Thursday, June 11, 2015

Sir Christopher Lee, 1922 to 2015, Rest in Peace.

There are some actors who literally perish from their typecasting, George "Superman" Reeves certainly did, others let is burden and cripple them despite their manifest talents Bela Lugosi being a good representative example in this category. And then there are actors like the late Christopher Lee who enthusiastically EMBRACE the typecasting and strive to use it to the very best advantage. Lee had a staggering filmography over the course of fifty years with a good share of junk ("Sherlock Holmes and the Deadly Necklace") to outright weirdness ("The Return of Captain Invincible")and even a dose of peplum ("Hercules in the Haunted World"). But if Christopher Lee stumbled into some bad movies he himself is rarely bad in them, the man had a singular talent he could not be corrupted or dragged down by mediocrity. Along the way Sir Chris also managed a true horror film trifecta playing Count Dracula, The Frankenstein Monster and The Mummy a record only bested by Lon Chaney Junior (who was All That AND The Wolf Man as well)... Always welcome in any film he did, never a bore, never miscast Christopher Lee literally caught the last train out of Horror Star-dom. He made it all work for him and managed to keep his marriage intact through-out. And what the hell, he made literally the single greatest exit in the history of sound film, at the very climax of "The Face of Fu Manchu" (1965), when the evil Doctor's plan is thwarted and his secret hideout is blow up Lee is seen superimposed over the conflagration resplendent in his Dragon Robes and intoning in that priceless baritone "The World...Shall Hear From Me....Ahhhhgainnnnnn!!!"


Monday, June 01, 2015

Archie's Betty (2015)

I give Gerald Peary credit, he has managed the implosion in the film criticism market with aplomb reinventing himself as a Professor of film Studies and now lately a director of documentaries. And he wants to spend three years tracking down the real life inspiration for "Betty Cooper" (from Archie Comics) who the hell am I to judge? Gerald Peary is unique, he is a comics fan with no abiding interest in super heroes, his tipple from boyhood was Archie Comics. Hence this his current documentary which among other things explores the career of Archie Comics artist Bob Montana who grew up it turns out in Haverhill Ma and likely based a lot of the characters on his friends at the local high school! And from there Peary traces the inspiration for blonde Betty Cooper to one Betty Tokar, the ninety four year old Hungarian widow of the Police Chief of Perth Amboy New Jersey. The detective work seems pretty definitive & Peary's narration is breezy the whole concoction though is more akin to a "Essay Film" focused as much on the director's lifelong relationship with Archie an his universe as it is on the career of Bob Montana and the quest for "Betty Cooper". Nevertheless the facts are all there and Ms Tokar's claim to being the perpetually lovelorn Betty Cooper's avatar seems as secure as it can be given the slippery committee driven nature of comic book artistry. I think though, Peary have hit on something here, there are literally dozens of good stories from the golden age of comic books begging for documentary treatment. the Rise and Fall of Jerry Siegel and Joe Shuster, Who Really Created Batman? or even good long sit down with Ramona Fradon one of the few women artists who date back to the golden age of comics and that just off the top of my head. Anyhow the ICA is screening this film twice more on June 14th I advise all and sundry to check it out....


Saturday, May 30, 2015

H 6 v2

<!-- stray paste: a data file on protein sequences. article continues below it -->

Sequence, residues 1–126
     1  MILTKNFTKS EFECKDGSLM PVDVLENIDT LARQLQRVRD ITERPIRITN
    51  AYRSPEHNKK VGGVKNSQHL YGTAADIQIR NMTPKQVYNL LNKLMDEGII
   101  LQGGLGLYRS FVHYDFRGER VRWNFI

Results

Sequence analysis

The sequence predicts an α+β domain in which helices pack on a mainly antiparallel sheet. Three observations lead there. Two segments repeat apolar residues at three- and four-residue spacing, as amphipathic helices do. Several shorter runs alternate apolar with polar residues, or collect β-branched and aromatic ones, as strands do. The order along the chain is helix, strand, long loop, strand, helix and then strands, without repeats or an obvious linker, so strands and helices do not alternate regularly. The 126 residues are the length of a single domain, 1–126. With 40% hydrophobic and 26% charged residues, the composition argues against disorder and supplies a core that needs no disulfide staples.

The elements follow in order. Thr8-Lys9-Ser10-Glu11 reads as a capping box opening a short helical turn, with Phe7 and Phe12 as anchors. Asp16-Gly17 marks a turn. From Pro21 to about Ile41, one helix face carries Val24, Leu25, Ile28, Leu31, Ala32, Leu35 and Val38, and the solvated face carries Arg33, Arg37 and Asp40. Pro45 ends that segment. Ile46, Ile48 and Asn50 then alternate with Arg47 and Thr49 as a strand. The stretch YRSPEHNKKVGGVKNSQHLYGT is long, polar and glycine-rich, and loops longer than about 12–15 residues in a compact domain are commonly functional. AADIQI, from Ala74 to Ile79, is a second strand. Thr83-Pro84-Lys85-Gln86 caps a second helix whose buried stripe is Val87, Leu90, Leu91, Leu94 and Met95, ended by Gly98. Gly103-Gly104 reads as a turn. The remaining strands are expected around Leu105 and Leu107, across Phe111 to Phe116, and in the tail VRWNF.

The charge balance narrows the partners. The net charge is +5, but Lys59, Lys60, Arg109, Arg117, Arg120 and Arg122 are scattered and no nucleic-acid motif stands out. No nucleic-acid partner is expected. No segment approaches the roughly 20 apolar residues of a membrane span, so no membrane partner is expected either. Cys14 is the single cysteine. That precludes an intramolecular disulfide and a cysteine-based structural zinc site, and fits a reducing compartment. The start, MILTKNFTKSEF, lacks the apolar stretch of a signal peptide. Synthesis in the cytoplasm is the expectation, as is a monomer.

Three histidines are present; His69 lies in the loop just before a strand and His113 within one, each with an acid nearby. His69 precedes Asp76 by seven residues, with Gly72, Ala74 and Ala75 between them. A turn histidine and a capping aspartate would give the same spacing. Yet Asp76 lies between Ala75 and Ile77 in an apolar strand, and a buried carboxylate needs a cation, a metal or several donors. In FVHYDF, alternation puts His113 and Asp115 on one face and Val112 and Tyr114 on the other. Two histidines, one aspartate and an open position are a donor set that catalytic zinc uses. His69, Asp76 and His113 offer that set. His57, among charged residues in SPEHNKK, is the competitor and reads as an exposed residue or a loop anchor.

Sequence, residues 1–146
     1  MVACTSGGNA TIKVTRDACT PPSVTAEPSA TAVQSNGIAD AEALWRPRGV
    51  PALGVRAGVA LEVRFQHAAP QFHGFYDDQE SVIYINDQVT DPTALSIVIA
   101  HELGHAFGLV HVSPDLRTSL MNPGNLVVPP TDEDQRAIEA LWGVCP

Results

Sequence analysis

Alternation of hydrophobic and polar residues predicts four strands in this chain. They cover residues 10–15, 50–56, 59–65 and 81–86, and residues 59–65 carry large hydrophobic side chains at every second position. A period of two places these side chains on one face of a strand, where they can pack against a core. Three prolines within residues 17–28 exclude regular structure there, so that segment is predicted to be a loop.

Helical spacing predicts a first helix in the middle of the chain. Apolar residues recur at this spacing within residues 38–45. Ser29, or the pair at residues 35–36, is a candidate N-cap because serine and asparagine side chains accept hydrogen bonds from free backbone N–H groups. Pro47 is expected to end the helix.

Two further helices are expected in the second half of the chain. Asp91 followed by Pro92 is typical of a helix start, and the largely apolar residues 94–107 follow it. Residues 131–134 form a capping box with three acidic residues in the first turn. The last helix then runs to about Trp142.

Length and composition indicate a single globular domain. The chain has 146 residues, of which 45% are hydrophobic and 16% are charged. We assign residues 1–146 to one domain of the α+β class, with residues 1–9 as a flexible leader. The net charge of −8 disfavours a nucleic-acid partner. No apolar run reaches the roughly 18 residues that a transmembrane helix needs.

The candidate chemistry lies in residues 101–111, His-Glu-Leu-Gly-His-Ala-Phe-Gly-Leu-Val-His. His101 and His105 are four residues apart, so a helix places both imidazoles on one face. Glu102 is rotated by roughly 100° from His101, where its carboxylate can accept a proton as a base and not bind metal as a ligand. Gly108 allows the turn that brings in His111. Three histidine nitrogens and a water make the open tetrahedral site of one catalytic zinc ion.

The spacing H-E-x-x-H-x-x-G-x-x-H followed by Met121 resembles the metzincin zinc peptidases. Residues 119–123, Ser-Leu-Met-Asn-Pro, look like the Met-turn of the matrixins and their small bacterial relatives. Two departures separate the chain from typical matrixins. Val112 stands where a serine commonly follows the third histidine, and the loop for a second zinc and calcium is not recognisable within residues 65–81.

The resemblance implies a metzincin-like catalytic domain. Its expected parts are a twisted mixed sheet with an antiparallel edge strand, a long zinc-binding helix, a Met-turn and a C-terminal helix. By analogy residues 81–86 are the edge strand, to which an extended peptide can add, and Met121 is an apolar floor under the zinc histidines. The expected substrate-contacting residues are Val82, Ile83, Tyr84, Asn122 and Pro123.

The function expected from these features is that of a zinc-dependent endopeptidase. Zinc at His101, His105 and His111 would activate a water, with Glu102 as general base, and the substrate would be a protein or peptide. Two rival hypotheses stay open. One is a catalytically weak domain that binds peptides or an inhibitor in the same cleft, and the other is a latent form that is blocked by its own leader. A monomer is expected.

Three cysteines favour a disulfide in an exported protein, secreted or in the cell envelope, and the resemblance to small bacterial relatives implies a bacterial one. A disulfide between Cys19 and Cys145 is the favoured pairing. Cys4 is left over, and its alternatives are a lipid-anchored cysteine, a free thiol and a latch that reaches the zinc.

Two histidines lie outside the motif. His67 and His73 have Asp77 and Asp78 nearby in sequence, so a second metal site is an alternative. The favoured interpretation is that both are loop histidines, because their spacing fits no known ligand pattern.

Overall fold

RUN don't walk down to the Suffolk Modern Theatre (located atop the ruins of the Combat Zone on Washington Street in Downtown Boston) to see Shakespeare's Henry VI, Part Two, ably directed by Shakespeare & Company's own Tina Packer. *** I won't try to hide it, I love Henry the Sixth, Part Two, part of the appeal lies in the repulsive portrait of the scheming English Nobility and their endless cabals and schemes against their hapless inept but goodhearted King could easily infer that Shakespeare Had It In for ambitious aristocrats. Quite literally every single character in the course of this sprawling two and a half hour play comes to a sad or violent end from Monarch down the most inauspicious Knight. Its not quite as relentlessly violent as "Titus Andronicus" with it's thirty plus gruesome homicides, but Henry the Sixth has the same grim tone and waiting in the wings like a grinning incubus is arch hell hound himself Richard the Third. Yes it is a long play with a convoluted plot, but like any good renaissance schemer, Director Tina Packer knows how to impart celerity to her proceedings, the production just seems shorter and so much more intense by some directorial alchemy only known to Her and perhaps her best creative Grand Sire Orson Welles. And I'd also like to take this opportunity to decloset myself a bit and declare; I Love Jack Cade he is one of Shakespeare's most inspired creations, a blusterly authoritarian would be revolutionary leader whose plan for England's reformation includes abolishing money and burning down the grammar schools. Cade is himself nothing but the dupe of the power-hungry Duke of York who hopes to use the uprising as a means to depose Henry and Seize Power. This is Shakespeare neatly illustrating Edward Luttwak's famous dictum that their are revolutionary leaders whose rebellions do nothing except hold the bridle that some glittering Generalissimo may Mount Up and Ride. Allyn Burrows is superlative as the overburdened Duke of Gloucester (Henry's defacto First Minister) but his turn as Jack Cade has a sort of Strangelovenian glee to it. Given all this and the sheer amount of fun I had watching one Shakespeare's less well known histories I'd like to renew a public plea for Tina Packer to please direct Marlowe's "Doctor Faustus" As Soon As Possible. Her reputation is made, the Actor's Shakepeare Project has a vast amount of talent on hand and Boston needs a definitive staging of Marlowe's Faustus...think about it Tina Now Is The Time, This Is The Moment.